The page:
• apache-stratos-cc-<version>.zip 
  • apache-stratos-sc-<version>.zip
  • apache-stratos-elb-<version>.zip   
  • apache-stratos-agent-<version>.zip
  • apache-stratos-cli-<version>.zip 
4. Download WSO2 Message Broker binary distribution from http://wso2.com and copy it to stratos-pack-path. Here you could use any preferred message broker product which supports AMPQ.

5. Extract WSO2 Message Broker distribution to desired path (this will be identified as stratos-path) and set it's port offset in repository/conf/carbon.xml to 5. This will set the actual port to 5677.

6. Download MySql Java connector from http://dev.mysql.com/downloads and copy the jar file to the above packages folder.

7. Create and download the keys from IaaSs and store them on a secure location.

8. If Apache Stratos being setup in multiple nodes open up the security rules in IaaSs for the following ports (defined in ./conf/setup.conf) 22, 443, 8280, 4103, 4100, agent_https_port, agent_http_port, elb_port, agent_clustering_port, sc_cluster_port, elb_cluster_port, cassandra_port, stratos_db_port and userstore_db_port.

9. Either download pre-built cartridge images from Apache Stratos website or create your own cartridges. Please refer Apache Stratos documentation for more information on creating cartridge images. For Amazon EC2, you could find pre-built PHP, MySQL and Tomcat cartridges published in Amazon EC2 AMI image repository.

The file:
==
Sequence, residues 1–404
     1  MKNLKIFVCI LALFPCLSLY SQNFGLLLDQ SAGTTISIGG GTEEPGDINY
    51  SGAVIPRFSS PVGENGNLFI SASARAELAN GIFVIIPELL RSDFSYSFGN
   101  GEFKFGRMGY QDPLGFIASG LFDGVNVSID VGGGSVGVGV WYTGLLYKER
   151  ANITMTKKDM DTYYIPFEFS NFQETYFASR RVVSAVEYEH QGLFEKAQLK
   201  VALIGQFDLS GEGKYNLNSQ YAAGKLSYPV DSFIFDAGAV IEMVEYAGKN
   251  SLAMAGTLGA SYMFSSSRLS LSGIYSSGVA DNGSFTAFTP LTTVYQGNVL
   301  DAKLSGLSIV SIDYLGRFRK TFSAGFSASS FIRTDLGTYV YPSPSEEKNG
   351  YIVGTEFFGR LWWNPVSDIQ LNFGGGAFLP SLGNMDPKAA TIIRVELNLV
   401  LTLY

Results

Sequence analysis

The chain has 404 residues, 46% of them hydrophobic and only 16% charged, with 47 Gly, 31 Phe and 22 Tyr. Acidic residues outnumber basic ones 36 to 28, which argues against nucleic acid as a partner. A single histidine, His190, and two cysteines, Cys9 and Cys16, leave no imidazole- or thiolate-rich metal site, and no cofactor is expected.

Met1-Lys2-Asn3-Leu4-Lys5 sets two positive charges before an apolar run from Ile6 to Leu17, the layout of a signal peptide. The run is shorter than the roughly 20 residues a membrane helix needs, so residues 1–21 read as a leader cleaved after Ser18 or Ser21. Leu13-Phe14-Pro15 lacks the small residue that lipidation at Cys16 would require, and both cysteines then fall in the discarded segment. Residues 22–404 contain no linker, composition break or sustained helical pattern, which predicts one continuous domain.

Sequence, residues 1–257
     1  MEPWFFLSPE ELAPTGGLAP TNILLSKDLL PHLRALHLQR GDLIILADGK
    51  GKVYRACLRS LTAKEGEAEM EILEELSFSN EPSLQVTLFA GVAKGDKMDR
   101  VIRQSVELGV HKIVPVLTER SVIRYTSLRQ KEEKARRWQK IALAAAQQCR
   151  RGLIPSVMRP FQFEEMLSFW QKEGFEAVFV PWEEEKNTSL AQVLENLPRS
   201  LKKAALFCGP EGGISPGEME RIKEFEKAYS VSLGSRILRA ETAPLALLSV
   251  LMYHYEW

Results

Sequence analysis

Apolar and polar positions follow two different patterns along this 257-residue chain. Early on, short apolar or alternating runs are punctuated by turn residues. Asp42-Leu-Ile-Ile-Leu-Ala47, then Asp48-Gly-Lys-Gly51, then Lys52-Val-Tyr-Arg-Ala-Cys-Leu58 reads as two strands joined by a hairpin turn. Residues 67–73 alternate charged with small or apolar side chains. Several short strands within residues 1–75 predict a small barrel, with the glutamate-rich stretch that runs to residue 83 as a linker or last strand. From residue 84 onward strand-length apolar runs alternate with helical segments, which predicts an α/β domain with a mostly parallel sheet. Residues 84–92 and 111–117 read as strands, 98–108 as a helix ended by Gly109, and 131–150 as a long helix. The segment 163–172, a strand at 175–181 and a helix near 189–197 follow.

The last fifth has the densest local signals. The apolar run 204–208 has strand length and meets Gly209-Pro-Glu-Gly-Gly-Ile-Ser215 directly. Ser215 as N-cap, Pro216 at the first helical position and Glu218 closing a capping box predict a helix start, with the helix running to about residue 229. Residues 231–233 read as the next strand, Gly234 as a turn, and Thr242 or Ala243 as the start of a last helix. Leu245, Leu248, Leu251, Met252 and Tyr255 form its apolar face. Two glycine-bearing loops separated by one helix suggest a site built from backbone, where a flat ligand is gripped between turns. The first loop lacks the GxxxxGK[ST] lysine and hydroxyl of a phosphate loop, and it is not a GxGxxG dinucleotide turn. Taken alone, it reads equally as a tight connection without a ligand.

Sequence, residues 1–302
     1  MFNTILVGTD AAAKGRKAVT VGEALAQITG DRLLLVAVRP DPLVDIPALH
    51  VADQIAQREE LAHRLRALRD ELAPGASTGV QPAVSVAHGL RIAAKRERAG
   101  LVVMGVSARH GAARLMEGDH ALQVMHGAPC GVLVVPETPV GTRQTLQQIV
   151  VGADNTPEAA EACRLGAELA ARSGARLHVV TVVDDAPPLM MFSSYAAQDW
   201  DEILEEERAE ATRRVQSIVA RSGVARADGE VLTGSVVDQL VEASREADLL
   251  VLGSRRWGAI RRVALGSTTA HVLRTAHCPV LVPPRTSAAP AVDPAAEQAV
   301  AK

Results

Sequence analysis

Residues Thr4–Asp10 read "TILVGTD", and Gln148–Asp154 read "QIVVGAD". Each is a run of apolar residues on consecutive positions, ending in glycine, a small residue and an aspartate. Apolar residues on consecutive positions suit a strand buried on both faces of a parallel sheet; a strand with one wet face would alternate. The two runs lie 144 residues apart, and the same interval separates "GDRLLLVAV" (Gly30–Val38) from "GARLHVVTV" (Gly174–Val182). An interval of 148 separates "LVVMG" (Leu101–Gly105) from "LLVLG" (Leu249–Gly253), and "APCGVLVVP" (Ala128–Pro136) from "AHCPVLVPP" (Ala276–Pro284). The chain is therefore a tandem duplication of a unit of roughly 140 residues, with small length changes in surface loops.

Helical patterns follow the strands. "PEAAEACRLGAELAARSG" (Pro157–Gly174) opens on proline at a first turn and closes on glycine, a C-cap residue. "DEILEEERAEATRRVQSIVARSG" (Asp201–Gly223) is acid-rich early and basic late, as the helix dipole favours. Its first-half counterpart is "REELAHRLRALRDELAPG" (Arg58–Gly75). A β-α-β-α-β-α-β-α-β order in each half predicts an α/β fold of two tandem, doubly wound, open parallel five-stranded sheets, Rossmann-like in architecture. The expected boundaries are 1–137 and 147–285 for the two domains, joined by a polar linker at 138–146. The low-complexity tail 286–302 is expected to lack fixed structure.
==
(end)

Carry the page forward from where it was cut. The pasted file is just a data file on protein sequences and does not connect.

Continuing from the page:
10. If all stratos products are installed on the same node, update /etc/hosts file with a set of domain/host names mapping each product. These values should be updated on conf/setup.conf file. If they are installed on different nodes use actual hostnames.

    <ip-address> stratos.apache.org        # stratos domain
    <ip-address> mb.stratos.apache.org     # message broker hostname
    <ip-address> cc.stratos.apache.org     # cloud controller hostname
    <ip-address> sc.stratos.apache.org     # stratos controller hostname
    <ip-address> elb.stratos.apache.org    # elastic load balancer hostname
    <ip-address> agent.stratos.apache.org  # agent hostname

11. Update ./conf/setup.conf and configure parameters. 

12. Run setup.sh as root to install.

    sudo ./setup.sh -p "<product-list>"
    <product-list> could be defined as "cc sc elb agent" or any other combination according to the
    deployment configuration.
    Example:
    sudo ./setup.sh -p "all"

13. If you need to clean the setup run bellow command:
      sudo ./clean.sh -u <mysql-username> -p <mysql-password>


Friday, August 16, 2013

Review - A New Design for Distributed Systems : The Remote Memory Model

What problem does the paper attack? How does it relate to and improve upon previous work in its domain?

Existing distributed systems relay on clients which has its own memory used as their virtual memory. This paper discussed about, the conventional virtual memory systems in distributed environment and the limitations of them. The paper addresses the solution for those limitations and they introduced a new design called “The remote memory model”. Also it describes the impact of remote memory model architecture for design of distributed systems.